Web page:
Eilidh’s mother tells inquiry how her world was ‘torn apart’ by terrorist bombing / Live solo piping in Scotland this weekend


The mother of Eilidh MacLeod has told how her world was torn apart by the Manchester Arena terrorist attack.

Marion MacLeod told the public inquiry into the terror attack that she had arrived outside the venue to collect her 14-year-old daughter and her friend who had been to the Ariana Grande pop concert on May 22, 2017. Mrs MacLeod and Eilidh had travelled there from their home on the Hebridean island of Barra, staying over in a hotel close to the Arena.

Mrs MacLeod said in a statement read to the inquiry on Monday (27th) that Eilidh, the middle one of three sisters, was, “beyond excited” to be attending the concert and that she and Eilidh [pictured] swapped messages during the show. Mrs MacLeod said: “She was loving life and I told her to sing her heart out and dance the night away. I told that I would be there to collect her later and that I loved her.” Later, she went to meet Eilidh and her friend when the show was due to finish.

She said: “As I left our hotel I messaged Eilidh asking if the concert was over and she messaged back saying it was the last song. It was 10.29pm. I was just about at the corner across the road from the Arena where I told Eilidh I would be waiting for them when I heard an enormous explosion. The ground shook and that was when our whole world was torn apart.”

Eilidh entered the foyer to the Arena at 10.30pm at the end of the show. Suicide bomber Salman Abedi detonated his device, packed with thousands of nuts a minute later. Eilidh stood four metres away. Footage from the City Room minutes later showed Eilidh lying on her right hand side and not moving. By 10.51pm she had been covered with clothing. At 11.45pm a a paramedic placed a label on her by to identify her as deceased.

A post-mortem examination, reports from bomb blast wave experts and pathology reports all concluded Eilidh’s injuries were not survivable.

The inquiry, sitting in Manchester, is being chaired by Sir John Saunders and will look at how and in what circumstances each of the 22 victims died on May 22 2017, and to probe whether any inadequacies in the emergency response contributed to individual deaths and/or if they could have been prevented.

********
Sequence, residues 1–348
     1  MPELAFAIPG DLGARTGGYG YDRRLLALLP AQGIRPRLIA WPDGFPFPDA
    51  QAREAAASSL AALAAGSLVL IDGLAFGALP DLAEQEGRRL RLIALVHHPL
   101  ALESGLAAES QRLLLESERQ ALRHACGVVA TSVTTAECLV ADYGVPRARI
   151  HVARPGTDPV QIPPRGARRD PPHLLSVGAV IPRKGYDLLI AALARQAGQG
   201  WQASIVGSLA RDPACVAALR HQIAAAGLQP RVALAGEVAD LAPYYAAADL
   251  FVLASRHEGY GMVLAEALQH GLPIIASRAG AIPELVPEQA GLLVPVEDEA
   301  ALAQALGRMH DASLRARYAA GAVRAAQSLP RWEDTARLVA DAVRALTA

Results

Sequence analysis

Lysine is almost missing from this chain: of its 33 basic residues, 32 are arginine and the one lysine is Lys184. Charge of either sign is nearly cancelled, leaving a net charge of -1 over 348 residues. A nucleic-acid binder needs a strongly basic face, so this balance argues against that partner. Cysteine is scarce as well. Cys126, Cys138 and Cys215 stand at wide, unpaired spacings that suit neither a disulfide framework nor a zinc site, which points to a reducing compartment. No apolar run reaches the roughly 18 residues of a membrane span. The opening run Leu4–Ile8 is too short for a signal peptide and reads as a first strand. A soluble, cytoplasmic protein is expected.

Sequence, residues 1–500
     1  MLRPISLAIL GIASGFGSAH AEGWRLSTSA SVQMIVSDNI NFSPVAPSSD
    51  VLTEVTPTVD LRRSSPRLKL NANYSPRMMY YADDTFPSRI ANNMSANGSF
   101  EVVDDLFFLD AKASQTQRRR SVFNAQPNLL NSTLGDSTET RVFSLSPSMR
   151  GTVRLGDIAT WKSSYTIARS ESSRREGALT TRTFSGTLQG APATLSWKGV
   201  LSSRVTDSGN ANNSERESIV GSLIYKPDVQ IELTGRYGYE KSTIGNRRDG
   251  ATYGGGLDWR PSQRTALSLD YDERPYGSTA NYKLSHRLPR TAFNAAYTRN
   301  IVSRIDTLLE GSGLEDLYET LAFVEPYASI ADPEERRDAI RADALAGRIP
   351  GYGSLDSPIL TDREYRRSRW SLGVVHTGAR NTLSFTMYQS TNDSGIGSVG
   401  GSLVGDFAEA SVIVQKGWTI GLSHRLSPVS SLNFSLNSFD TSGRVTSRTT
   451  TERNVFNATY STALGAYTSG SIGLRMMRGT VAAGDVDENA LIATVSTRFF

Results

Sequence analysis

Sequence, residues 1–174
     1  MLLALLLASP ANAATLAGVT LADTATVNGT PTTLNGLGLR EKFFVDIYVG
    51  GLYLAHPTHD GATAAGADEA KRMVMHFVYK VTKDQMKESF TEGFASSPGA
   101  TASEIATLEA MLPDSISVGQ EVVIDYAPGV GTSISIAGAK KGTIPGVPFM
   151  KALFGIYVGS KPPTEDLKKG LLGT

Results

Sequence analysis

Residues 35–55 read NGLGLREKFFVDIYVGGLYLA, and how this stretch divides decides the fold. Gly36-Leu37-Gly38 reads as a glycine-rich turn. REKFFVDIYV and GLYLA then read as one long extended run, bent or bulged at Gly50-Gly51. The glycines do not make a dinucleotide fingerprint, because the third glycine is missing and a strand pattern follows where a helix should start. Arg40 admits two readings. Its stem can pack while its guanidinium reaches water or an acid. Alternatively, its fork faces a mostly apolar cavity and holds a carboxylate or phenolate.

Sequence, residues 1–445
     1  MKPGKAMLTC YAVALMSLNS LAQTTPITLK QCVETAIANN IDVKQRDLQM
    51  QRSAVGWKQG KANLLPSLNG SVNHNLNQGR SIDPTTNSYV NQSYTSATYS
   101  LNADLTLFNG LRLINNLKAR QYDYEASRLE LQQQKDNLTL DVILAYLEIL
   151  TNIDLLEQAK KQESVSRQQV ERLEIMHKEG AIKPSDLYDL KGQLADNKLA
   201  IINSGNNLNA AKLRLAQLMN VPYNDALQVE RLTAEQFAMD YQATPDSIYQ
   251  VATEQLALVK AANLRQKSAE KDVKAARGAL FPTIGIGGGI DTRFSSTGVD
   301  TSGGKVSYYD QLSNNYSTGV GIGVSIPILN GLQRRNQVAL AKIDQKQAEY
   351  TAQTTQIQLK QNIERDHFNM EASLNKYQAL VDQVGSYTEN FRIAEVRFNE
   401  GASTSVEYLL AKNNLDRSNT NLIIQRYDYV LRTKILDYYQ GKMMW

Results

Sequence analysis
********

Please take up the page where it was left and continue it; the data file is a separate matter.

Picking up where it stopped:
The hearing, which commenced on September 7, 2020 continues. It is scheduled to end on October 12, 2021.

• The forthcoming Piping Times Annual wil carry a report on the work of the Eilidh MacLeod Memorial Trust.

Two live solo piping competitions are scheduled to take place this weekend in Scotland, one for senior pipers and one for juniors.

Pipe Major Ross McCrindle outside the Army School of Bagpipe Music and Highland Drumming in 2018.

The Captain John A. MacLellan MBE Piping Championship is scheduled for this Saturday at the Army School of Bagpipe Music and Highland Drumming in Edinburgh. The competition did not take place at all last year due to the COVID-19 pandemic. Organisers say there is a good entry across the grades.

The inaugural Lochnell Intermediate Piping Championship will also go ahead this Saturday at Lochnell Castle in Benderloch, Argyll. This invitational contest will see ten young Scottish pipers play an MSR and a pibroch.

The pipers (and their tunes) are:

  • Bobby Allan (MacDougall’s Gathering)
  • Ruairidh Brown (Lachlan MacNeill Campbell of Kintarbert’s Fancy)
  • Finlay Cameron (Lament for the Iolaire).
  • Ross Conner (Lament for Mary MacLeod)
  • Hamish Drennan (The Battle of the Pass of Crieff)
  • Andrew Ferguson (The Earl of Ross’s March)
  • Luke Kennedy (MacKay’s Banner)
  • Cameron May (The King’s Taxes)
  • Anna Smart (The Old Men of the Shells)
  • Brodie Watson-Massey (Lament for Ronald MacDonald of Morar)

Lochnell Castle is the home of Lord Dundonald and his family. It is associated with Scarce of Fishing and Lochnell’s Lament.

Lochnell Castle near Oban.